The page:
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Role of calcium and exopolysaccharide production in acid tolerance by Sinorhizobium meliloti

Vivas-Marfisi, Ana Isabel (2001) Role of calcium and exopolysaccharide production in acid tolerance by Sinorhizobium meliloti. PhD thesis, Murdoch University.

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This thesis reports on the role(s) of exopolysaccharides (EPS) in acid tolerance in Sinorhizobium meliloti, whether the presence of calcium in the growth medium influences the type and amount of EPS produced at low pH, and the significance of the exoH gene in acid tolerance.

The strains used were the wild type WSM419 and a series of transposon Tn5-induced mutants which varied in sensitivity to low pH, and in their growth response to calcium at low pH. The EPS produced by the wild type and the mutants grown at pH 7.0 and pH 6.0, in the presence of 1 or 3 mM CaCl2 was analyzed by 1H NMR spectroscopy. The relative amounts of the acetyl and pyruvyl modifications to EPS were significantly lower at pH 6.0 than at pH 7.0 for the wild type, WRR2, TG2-6 and TG5-45. There was no effect of pH on the relative amount of succinylation nor of calcium concentration on the relative amount of the modifications.

The rates of EPS synthesis by cultures of WSM419 and its mutants were also measured. At neutral pH, the rates of EPS synthesis for all the mutants were unaffected by calcium concentration. At pH 6.0 and 1 mM CaCI2, the rate of synthesis of EPS by most mutants was up to three-fold that of the wild type WSM419.

For WSM419, the rate of EPS production at pH 6.0 was stimulated approximately 40% when calcium concentration was increased from 1 mM to 3 mM. By contrast, the rate of EPS synthesis shown by most of the mutants decreased when the calcium concentration went from 1 mM to 3 mM. For WRR1, the rate of synthesis of EPS was not affected by the calcium concentration at either pH 7.0 or 6.0.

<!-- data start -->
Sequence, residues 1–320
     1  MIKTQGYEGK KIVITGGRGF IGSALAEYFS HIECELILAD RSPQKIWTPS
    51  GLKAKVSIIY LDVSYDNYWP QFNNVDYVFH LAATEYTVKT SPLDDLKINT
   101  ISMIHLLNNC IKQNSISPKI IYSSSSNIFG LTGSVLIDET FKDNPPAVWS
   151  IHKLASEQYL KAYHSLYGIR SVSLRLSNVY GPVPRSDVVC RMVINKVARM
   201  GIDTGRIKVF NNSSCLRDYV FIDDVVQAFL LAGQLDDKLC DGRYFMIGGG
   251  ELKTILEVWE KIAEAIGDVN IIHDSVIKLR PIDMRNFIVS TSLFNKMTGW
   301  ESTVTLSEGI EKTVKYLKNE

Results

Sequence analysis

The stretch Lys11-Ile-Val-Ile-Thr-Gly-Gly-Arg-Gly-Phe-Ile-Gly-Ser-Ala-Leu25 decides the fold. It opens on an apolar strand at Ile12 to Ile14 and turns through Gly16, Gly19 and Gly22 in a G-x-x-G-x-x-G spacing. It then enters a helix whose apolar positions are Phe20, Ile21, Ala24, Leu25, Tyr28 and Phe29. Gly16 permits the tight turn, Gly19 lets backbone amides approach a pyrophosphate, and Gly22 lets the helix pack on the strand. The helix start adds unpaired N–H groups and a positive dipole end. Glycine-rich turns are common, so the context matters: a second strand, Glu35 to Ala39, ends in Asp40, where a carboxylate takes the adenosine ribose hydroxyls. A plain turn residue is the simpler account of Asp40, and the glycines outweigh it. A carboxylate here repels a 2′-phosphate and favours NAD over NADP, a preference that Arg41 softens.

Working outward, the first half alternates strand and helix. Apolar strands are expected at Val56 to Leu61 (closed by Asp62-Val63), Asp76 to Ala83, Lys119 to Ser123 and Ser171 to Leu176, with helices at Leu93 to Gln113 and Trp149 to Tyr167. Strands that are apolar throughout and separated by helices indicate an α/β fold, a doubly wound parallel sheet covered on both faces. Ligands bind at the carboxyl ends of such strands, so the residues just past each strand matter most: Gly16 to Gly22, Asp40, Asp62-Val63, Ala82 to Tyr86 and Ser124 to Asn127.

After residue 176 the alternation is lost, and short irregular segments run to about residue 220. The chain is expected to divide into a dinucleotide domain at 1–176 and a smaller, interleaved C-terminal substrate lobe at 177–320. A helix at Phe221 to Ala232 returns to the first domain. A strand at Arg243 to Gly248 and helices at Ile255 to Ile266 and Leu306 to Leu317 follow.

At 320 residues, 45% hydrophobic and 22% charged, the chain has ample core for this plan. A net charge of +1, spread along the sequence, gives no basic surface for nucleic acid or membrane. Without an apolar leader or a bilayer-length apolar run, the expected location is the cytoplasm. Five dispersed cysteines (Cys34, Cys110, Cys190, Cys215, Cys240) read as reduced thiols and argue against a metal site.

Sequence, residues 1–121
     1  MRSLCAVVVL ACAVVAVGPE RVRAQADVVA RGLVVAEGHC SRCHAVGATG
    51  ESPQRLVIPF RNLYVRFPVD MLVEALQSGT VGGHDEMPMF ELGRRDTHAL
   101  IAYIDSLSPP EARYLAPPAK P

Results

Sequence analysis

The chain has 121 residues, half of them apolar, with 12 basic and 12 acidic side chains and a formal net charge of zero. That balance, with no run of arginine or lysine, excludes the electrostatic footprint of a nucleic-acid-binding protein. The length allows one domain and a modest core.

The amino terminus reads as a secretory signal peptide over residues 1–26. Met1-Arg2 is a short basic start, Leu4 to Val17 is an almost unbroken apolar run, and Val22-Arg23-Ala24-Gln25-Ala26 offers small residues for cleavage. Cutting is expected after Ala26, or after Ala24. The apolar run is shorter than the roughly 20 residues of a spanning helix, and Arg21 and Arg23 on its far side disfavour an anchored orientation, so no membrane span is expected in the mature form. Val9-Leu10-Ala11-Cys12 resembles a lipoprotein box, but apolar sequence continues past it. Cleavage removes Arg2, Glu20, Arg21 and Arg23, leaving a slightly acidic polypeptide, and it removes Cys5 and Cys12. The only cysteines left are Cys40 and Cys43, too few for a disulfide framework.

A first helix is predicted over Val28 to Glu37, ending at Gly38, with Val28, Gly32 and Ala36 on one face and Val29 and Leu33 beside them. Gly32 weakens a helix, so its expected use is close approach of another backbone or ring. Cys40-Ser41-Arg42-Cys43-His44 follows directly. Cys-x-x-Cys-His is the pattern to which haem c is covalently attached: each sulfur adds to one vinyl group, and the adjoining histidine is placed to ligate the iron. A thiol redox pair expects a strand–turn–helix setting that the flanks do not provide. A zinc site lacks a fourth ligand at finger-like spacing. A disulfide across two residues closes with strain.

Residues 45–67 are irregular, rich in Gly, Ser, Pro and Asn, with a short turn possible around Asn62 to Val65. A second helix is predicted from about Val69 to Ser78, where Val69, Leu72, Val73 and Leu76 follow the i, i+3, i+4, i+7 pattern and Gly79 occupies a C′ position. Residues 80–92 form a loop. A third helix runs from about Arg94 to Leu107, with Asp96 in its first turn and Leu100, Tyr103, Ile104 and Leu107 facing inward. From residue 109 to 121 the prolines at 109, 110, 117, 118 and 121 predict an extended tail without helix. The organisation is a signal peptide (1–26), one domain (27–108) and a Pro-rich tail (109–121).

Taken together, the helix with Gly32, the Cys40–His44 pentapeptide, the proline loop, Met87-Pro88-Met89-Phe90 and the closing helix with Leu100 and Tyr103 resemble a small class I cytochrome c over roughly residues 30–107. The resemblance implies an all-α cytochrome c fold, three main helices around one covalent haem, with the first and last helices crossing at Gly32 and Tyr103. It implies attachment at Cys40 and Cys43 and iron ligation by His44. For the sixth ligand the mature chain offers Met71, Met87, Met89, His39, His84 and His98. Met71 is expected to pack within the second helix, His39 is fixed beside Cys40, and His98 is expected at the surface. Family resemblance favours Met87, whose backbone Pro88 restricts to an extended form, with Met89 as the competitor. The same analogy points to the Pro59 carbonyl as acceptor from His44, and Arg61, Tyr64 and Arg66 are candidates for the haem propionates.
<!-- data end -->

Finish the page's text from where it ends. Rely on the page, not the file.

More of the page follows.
Gel filtration assays were used to evaluate the molecular weight distribution of EPS produced by S. meliloti WSM419 and its exoH mutant WRR1 at pH 7.0 and 6.0, and with calcium concentrations of 0.3 mM and 3 mM. EPS produced by WRR1 was predominantly high-molecular weight. Integration of the areas of the gel filtration peaks indicated that the relative amounts of high and low molecular weight succinoglycan produced by the wild type WSM419 and WRR1 are unaffected by pH.

As well as being acid-sensitive and failing to grow below pH 6.0, the mutant WRR1 also shows a zinc-sensitive phenotype. This mutant has been shown to have a single Tn5-insertion disrupting the exoH gene. A large plasmid, (pEX154), which carries 18 kb of DNA from S. meliloti Rm1021 (including many of the EPS biosynthetic exo genes), complements both the acid- and zinc-sensitivity of WRR1.

Sub-cloning of fragments of pEX154 was used to localise the complementing gene(s). The plasmid pAV-1C carried an 11.5 kb DNA fragment (including exoTIHKLA) and also complemented the mutation in WRR1. Smaller fragments cloned into the vector pSW213 did not complement WRR1. These results raised the possibility that the lack of complementation observed could be the result of a weak transcription of the exo genes cloned into the vector pSW213.

The involvement of the gene in EPS I biosynthesis and acid and zinc sensitivity was explored further using another vector. The plasmids pEX41 and pEX42 carrying exoH and exoK genes as well as part of the exoL locus, were successful in complementing both the pH and zinc-sensitivity defects of WRR1. The complementation responses obtained with smaller clones derived from those plasmids has suggested that exoH alone is able to restore the phenotypic defects in WRR1.

WRR1 did not grow when EPS produced by the wild type WSM419 was added, nor when it was inoculated into minimal medium at pH 6.0 with the wild type WSM419. When the exoY gene in WSM419 was inactivated, the mutant failed to produce EPS I, but it was able to grow both at low pH and on zinc supplemented media. These results suggest that EPS is not involved in restoring the acid- and zinc-sensitivity defects in WRR1 and that the exoH gene may code for a protein with cellular functions other than that of succinylating EPS.

Item Type: Thesis (PhD)
Murdoch Affiliation: Division of Science and Engineering
Supervisor(s): Dilworth, Michael and Glenn, Andrew
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